Emily’s current and former jobs are similar, and part of that type of job requires her to visit hospital satellite locations all over Arkansas. She works with local board members and volunteers in advancing the position of the nonprofit organization for which she works – currently, Arkansas Children’s Hospital Foundation. She has been committed to working for a nonprofit since she was in high school, believing the world could be a better place if we would all help each other when we struggle, and that the world is a better place when we experience the universal languages of art and music.

A couple of years ago, when she was on the road for a different hospital foundation, she attended a board meeting one evening at a small-town hospital. That is why we were surprised to see her number pop up on our caller ID at the time the meeting should have been going on.

In a hushed voice, she told us that she and most of the board members were hiding behind a desk in a small interior office with the lights off. I felt a gut punch and asked why, although I thought my mother’s intuition was probably right.

It was. Some angry husband with a gun was wandering through the hospital trying to find his wife. Whether she had been seeing someone else, or hadn’t done the laundry, or had sworn out an adult abuse protection order against him, he was out to get her, and, of course, everyone else in his way was terrified, because carrying a gun, he had been able to enter the hospital, where patients immobilized in their rooms are sitting ducks.

I asked if anyone had called the police, and someone had, but Emily’s instructions, given by way of text messages (thank goodness for cell phones), were to stay hidden – “shelter in place,” I think they call it – until otherwise notified. I told Emily to stop talking but to leave the phone open. Max and I sat and waited, hearing nothing on the other end of the phone, and finally, she got the all clear.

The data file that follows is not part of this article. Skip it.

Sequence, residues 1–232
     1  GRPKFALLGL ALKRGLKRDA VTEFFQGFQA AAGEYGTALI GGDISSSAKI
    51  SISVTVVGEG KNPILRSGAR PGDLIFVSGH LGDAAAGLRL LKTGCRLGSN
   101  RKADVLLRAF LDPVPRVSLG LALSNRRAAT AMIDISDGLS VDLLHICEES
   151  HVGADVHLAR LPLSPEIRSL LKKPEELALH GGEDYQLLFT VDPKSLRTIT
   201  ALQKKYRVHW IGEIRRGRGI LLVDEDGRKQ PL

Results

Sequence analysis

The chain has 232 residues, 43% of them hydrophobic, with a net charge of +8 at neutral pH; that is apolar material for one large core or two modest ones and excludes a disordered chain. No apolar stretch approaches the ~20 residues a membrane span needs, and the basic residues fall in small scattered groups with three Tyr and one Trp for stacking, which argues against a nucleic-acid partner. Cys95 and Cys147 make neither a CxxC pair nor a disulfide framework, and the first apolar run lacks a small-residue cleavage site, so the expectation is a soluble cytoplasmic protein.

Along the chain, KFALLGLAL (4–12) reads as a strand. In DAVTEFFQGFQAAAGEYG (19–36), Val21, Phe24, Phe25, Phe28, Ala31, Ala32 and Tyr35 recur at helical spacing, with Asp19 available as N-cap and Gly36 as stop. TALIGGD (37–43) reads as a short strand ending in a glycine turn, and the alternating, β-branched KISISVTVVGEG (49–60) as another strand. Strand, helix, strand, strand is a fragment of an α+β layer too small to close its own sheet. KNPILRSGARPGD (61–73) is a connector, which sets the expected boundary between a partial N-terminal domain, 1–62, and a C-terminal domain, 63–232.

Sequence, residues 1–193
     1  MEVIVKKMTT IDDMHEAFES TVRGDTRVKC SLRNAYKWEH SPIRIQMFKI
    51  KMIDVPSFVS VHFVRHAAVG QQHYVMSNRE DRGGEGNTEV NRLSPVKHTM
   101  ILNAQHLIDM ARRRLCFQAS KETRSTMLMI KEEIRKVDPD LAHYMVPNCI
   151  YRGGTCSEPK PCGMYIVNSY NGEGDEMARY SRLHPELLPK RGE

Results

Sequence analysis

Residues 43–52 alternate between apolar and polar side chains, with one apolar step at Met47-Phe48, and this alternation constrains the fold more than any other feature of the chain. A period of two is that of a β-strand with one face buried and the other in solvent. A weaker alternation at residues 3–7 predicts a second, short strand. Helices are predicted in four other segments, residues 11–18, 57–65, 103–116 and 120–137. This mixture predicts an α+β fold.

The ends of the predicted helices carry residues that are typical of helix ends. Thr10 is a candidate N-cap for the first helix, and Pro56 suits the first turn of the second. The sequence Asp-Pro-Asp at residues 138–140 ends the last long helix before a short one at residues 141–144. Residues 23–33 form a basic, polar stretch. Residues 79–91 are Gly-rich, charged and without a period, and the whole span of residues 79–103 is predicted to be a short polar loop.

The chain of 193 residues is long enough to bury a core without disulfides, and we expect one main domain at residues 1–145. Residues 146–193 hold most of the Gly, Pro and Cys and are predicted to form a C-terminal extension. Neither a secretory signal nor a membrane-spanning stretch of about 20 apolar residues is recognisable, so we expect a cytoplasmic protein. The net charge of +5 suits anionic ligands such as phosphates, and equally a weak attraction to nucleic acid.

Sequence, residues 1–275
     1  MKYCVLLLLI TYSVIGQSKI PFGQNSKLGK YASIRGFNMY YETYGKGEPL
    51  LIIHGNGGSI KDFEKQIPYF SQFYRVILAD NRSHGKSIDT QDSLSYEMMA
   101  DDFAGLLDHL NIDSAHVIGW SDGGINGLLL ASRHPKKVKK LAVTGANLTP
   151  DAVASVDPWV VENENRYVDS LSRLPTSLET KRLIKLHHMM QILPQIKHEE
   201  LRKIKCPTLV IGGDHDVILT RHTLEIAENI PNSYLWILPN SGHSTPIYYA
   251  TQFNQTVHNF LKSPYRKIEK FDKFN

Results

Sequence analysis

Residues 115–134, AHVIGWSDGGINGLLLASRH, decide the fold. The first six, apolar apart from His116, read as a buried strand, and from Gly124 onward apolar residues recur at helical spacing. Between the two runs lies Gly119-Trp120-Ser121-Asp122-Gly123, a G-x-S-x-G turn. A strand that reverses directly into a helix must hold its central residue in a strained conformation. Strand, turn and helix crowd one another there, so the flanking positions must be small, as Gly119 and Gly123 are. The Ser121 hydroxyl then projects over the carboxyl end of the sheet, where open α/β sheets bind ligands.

Although we were relieved, we were shaken, because, of course, those kinds of things happen to other people in other places and not to us. Emily seemed to be all right after that incident and went on her merry way.

But last month, we got another call from her, this time around noon, when she was hunkered down out of sight in her office with some other co-workers, lights off, whispering, telling us employees had received a text that an active shooter was on the Arkansas Children’s Hospital campus. The term “active shooter” brings to mind someone who is wandering around dressed in black wearing a mask or hood, and toting assault rifles with enough high-capacity magazines to riddle everyone in an office with bullets in a minute or two – like what happened two weeks ago in El Paso and Dayton, and in too many other places in the recent past.

I know it sounds trite, but I went cold and thought I was going to throw up. Emily got off the phone, and Max and I sat there in silence for 20 minutes until she called back. The incident had been a mistake. Someone – who no longer had a job – had punched the wrong “notify all” button, and instead of reminding all employees of something else, every employee on the entire campus was given the wrong – and devastating – message.

I was relieved, but the fact that I know it COULD have happened was enough to keep me on edge for quite a while.

These are two more of my experiences with guns and two more reasons I believe that Congress should once more ban assault rifles, that high-capacity magazines should be banned or at least limited, and that everyone purchasing a gun, any gun, should have to undergo a background check and a waiting period. 

Of course, Congress did nothing after 20 first-graders were mutilated and mowed down by someone using assault weapons at Sandy Hook, so I don’t expect that they will pay much attention to my daughter’s safety. I wish they would.

 

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